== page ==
Equitable Subordination Alert Memo

July 1, 2008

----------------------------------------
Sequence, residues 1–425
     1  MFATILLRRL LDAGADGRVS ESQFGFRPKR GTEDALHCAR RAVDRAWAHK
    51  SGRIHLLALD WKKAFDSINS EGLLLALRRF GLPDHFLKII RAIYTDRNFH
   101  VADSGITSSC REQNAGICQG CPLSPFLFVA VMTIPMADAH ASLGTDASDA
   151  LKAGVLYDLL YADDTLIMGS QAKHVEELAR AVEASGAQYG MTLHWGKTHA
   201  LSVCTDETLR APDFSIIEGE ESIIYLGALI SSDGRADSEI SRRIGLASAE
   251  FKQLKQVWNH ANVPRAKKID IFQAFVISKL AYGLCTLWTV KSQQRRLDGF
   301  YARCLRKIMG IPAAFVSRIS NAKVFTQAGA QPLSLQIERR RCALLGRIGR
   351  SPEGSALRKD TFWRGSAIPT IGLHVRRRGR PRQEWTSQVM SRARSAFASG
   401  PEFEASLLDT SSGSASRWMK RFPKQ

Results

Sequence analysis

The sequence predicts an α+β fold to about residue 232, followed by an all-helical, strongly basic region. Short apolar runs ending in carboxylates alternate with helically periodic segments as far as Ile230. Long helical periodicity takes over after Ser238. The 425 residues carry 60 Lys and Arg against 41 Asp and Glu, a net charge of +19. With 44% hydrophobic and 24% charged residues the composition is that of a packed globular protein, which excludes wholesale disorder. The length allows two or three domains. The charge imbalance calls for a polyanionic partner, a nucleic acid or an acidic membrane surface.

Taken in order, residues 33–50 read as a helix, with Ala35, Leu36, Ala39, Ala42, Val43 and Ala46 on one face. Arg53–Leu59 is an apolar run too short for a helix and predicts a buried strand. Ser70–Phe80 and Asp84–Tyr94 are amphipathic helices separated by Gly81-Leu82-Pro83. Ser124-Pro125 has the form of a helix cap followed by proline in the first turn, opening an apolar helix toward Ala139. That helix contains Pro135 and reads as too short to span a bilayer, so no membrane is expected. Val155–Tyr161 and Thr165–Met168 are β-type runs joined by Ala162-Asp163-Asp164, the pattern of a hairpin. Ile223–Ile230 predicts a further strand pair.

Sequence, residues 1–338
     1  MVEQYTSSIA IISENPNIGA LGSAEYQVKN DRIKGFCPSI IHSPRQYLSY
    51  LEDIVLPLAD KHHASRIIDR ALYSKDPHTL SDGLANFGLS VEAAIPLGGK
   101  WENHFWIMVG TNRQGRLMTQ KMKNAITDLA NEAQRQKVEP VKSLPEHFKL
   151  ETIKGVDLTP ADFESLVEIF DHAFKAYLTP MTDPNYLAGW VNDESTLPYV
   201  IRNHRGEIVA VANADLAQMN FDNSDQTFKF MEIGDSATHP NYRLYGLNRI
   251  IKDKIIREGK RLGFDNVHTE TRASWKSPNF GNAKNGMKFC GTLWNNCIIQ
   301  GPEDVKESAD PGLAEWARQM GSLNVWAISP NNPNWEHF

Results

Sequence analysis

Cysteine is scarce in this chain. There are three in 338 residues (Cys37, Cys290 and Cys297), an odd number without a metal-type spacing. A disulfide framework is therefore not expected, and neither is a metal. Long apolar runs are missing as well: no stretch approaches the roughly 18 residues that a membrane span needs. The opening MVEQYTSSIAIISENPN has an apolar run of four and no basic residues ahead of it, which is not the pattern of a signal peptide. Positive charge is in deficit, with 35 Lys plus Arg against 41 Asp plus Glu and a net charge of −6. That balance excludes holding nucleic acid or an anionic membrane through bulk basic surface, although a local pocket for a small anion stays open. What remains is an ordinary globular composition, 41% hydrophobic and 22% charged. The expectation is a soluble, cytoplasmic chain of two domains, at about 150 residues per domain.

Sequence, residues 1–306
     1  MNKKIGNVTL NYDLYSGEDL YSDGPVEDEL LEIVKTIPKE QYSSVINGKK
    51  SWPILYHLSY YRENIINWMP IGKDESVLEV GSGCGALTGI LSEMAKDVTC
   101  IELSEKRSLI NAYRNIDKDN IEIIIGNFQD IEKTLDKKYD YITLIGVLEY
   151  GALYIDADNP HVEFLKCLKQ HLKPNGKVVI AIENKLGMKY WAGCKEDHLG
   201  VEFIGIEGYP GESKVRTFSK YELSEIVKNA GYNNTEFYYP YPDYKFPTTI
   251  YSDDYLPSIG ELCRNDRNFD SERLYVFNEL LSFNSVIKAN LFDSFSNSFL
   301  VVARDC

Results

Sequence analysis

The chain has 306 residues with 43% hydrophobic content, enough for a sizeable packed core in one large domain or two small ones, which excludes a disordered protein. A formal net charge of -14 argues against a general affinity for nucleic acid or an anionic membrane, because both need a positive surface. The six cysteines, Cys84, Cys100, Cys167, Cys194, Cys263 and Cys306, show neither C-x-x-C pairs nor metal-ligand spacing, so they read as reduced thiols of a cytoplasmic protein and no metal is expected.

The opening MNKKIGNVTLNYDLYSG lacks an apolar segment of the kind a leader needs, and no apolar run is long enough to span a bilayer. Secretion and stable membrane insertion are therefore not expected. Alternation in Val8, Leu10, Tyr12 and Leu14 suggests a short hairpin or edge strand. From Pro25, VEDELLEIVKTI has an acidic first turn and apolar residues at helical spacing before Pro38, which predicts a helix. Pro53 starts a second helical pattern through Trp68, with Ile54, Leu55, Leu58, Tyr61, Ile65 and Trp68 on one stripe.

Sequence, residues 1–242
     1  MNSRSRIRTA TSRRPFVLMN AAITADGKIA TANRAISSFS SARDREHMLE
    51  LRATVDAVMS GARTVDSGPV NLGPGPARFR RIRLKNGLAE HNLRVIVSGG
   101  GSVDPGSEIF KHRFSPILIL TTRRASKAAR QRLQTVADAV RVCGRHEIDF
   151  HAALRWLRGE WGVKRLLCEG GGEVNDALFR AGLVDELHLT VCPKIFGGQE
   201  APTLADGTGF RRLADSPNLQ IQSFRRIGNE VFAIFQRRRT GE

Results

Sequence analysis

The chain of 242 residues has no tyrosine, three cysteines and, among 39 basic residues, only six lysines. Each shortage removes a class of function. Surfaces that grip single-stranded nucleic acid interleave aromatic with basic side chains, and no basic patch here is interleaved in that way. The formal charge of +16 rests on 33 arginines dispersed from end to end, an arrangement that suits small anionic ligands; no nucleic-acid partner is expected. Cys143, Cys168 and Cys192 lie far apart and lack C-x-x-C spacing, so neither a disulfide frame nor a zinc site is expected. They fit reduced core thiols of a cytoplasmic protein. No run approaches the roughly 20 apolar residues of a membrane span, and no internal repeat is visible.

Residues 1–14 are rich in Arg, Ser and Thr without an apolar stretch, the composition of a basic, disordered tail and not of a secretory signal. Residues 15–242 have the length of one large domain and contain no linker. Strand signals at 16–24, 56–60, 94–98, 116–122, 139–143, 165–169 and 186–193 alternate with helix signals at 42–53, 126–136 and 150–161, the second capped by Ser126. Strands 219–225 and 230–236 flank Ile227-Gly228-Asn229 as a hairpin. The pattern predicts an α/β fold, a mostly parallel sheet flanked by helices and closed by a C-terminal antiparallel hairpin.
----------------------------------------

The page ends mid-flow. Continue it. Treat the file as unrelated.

On June 20, 2008, the United States Court of Appeals for the Fifth Circuit issued a decision in Wooley v. Faulkner (In re SI Restructuring, Inc.), overturning a decision of the United States Bankruptcy Court for the Western District of Texas, affirmed by the District Court. This important decision defines the circumstances under which a corporate insider who lends money to the corporation in a time of distress, on less than favorable terms, is subject to the equitable subordination of his or her claim in the corporation’s subsequent bankruptcy proceeding. The Fifth Circuit ruled that so long as the corporation uses the borrowed funds for legitimate corporate purposes such as paying employees, secured creditors, or vendors, such that the insider loan transaction does not cause harm to the corporation or its unsecured creditor body, the insider’s bankruptcy claim will not be equitably subordinated. Significantly, in so ruling, the court expressly rejected the debtor’s argument that the transaction did damage the corporation by worsening its financial condition. The court held that such an argument amounted to an attempt by the debtor to invoke the “deepening insolvency” doctrine, a theory of damage the viability of which the court refused to accept.

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